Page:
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Justin Trudeau shakes hands and poses for pictures at Alberta premier's breakfast


Liberal leader Justin Trudeau, left, makes an appearance at Alberta Premier Alison Redford's, right, Stampede Breakfast in Aldersyde, Alberta on Sunday, July 7, 2013. Aldersyde is near High River. THE CANADIAN PRESS/Larry MacDougal

ALDERSYDE, Alta. - Federal Liberal leader Justin Trudeau popped up at an unexpected place on Sunday as he continues to drum up political support from voters.

Trudeau appeared at the annual Stampede breakfast hosted by Alberta's Progressive Conservative Premier Alison Redford.

He shook hands with Redford and the two spoke briefly before he moseyed along to shake hands and pose for photos with a throng of people who turned out to chow down on pancakes, scrambled eggs and sausage.

"You know what? There's a lot of Progressive Conservatives who don't feel at home in the approach Stephen Harper's extreme right-wing Conservatives are taking and I'm glad to be meeting with anyone and working with anyone and talking about the challenges we're facing in the future," said Trudeau.

"I'm glad to have a chance for the first time to meet with Premier Redford but I look forward to many good conversations in the coming months and years," he added.

A spokesman for Redford said Trudeau didn't call ahead before dropping in but it wasn't a problem because "everybody's welcome."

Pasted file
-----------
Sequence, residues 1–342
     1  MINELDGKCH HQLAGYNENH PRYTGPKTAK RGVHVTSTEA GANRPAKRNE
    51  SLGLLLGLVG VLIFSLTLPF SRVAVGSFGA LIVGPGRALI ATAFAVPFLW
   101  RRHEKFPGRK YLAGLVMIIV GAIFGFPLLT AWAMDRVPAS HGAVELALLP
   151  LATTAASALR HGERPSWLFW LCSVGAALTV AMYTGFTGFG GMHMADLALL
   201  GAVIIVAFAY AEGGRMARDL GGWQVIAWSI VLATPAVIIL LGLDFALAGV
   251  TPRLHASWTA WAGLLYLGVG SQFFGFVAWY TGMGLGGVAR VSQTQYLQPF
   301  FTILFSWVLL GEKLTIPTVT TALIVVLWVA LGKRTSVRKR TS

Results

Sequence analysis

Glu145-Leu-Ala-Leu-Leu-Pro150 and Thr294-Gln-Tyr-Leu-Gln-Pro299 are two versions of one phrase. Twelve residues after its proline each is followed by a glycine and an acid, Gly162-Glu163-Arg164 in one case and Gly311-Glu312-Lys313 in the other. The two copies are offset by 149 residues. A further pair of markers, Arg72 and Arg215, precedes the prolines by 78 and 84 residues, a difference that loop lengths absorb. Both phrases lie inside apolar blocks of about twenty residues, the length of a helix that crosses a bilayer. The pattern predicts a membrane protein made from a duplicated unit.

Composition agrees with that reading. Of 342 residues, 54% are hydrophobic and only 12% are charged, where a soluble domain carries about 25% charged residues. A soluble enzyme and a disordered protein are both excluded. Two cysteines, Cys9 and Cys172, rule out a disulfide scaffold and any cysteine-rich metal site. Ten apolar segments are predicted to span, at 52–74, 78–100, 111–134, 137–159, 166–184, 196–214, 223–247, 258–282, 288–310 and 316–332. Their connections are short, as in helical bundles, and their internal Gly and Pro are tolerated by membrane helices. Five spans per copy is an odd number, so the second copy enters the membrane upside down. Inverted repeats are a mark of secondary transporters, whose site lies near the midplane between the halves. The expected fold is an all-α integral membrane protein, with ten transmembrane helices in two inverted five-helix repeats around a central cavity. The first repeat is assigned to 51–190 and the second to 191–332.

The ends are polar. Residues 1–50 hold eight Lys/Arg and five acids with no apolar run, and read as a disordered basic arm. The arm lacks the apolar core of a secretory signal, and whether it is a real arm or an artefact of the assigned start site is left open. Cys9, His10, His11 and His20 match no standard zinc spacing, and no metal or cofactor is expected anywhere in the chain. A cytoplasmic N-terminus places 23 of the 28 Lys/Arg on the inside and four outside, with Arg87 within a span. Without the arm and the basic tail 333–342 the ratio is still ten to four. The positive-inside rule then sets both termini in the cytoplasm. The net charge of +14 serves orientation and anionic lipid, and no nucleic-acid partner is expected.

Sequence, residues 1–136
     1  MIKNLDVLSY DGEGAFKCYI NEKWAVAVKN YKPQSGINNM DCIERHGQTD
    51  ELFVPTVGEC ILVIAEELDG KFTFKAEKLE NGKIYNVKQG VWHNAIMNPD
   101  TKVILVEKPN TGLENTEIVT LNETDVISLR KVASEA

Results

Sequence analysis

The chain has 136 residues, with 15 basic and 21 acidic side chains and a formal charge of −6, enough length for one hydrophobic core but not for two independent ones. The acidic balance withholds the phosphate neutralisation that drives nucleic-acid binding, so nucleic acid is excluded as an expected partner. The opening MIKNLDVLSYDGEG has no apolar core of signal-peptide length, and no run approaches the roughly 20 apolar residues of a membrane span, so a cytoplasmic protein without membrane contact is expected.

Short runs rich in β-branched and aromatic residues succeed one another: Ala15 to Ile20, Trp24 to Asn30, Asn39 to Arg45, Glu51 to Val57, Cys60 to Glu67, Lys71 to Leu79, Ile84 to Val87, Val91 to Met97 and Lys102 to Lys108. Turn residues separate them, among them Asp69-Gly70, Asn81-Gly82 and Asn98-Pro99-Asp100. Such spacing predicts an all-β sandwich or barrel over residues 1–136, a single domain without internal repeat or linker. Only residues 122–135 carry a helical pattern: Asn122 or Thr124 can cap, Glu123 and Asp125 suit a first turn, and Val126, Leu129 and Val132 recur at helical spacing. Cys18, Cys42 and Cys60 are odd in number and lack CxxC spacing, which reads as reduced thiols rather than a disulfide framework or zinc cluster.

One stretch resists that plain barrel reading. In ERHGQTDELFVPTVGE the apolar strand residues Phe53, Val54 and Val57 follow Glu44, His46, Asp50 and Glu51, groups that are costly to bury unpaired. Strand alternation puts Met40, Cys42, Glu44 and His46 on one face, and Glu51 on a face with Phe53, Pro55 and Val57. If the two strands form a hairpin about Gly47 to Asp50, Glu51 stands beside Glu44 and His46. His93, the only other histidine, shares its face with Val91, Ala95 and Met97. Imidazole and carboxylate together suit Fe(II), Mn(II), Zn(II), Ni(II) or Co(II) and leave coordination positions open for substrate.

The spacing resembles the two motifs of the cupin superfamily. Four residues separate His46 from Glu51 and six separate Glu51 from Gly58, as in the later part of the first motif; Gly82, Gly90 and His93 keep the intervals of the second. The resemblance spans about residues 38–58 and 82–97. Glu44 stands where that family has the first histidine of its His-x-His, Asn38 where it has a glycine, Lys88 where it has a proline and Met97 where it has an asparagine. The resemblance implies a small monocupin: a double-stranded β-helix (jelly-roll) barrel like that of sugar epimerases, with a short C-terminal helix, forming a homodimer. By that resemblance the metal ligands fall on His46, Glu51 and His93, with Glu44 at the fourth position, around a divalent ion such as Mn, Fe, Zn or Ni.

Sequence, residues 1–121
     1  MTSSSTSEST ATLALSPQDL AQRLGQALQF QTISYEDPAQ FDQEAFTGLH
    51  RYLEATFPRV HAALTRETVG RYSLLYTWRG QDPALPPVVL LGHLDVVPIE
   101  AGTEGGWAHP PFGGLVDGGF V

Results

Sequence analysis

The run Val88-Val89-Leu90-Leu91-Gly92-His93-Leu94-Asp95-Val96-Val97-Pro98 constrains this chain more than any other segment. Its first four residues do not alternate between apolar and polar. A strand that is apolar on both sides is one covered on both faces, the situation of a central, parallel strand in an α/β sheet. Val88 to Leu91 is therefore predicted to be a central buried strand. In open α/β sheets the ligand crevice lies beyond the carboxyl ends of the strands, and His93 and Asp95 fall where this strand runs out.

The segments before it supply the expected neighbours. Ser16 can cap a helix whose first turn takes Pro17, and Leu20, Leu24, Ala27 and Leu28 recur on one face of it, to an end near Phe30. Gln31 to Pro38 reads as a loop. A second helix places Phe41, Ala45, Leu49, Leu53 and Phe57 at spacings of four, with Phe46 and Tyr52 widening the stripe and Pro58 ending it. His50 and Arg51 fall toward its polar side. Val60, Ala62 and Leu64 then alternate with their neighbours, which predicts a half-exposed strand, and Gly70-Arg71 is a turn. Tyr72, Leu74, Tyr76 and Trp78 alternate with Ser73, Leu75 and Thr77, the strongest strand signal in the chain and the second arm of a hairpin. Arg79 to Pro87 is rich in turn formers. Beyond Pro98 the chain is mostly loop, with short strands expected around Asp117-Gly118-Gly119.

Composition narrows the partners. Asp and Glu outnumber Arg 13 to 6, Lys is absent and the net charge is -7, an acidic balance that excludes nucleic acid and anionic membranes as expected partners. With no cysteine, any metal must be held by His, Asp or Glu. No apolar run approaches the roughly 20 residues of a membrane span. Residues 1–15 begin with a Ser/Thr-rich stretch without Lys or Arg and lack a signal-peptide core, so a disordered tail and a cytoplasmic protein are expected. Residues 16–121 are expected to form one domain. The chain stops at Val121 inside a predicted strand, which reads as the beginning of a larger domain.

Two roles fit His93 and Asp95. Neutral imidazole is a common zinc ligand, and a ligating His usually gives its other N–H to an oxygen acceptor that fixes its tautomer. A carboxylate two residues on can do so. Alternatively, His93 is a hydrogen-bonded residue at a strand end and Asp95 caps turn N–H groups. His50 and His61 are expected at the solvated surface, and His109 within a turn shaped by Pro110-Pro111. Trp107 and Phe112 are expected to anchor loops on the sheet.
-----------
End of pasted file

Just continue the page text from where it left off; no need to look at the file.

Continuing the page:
Trudeau then dropped by another Stampede breakfast just blocks away from where Mayor Naheed Nenshi lives.

The Liberal leader made his way over to where Nenshi was cooking scrambled eggs.

"Hey hey how's my favourite mayor of Calgary?" Trudeau called out from behind the grill.

Startled, Nenshi said "Oh my gosh" and the two embraced.

Nenshi said he thought he was just stopping by his neighbourhood Stampede breakfast and wasn't expecting Trudeau to show up.

After a few days of political calm as politicians banded together to support those Albertans devastated by wide-spread flooding a couple of weeks ago Prime Minister Stephen Harper dropped the gloves against both the Liberals and NDP in a speech to his annual Stampede barbecue.

"I've talked about the NDP talking about their policies in Washington in secret. The NDP doesn't want to talk about their alternatives because their policies are so far outside the mainstream they don't want people to know about them," said Harper in Saturday night's speech.

"In the case of the Liberals...they don't want to talk about their alternatives because they don't have any."

Harper said both parties would remove Canada's influence and power on the world stage and voters must stay clear of them.

"What I'm telling you friends that with the Liberals and the NDP what you see is what you get. Dangerous ideas on the one hand, vacuous thinking on the other and all of it would reverse the progress we have made."

Trudeau, who was scheduled to spend some time volunteering in helping with flood cleanup Sunday afternoon, said it doesn't matter what Harper thinks.

"Mr. Harper is focused on me. I'm happy to focus on Canadians," said Trudeau.

"I'm not about playing partisan games right now. I'm very much about trying to meet with as many Canadians as I can and convince them politics doesn't need to be a source of negativity, division or cynicism."



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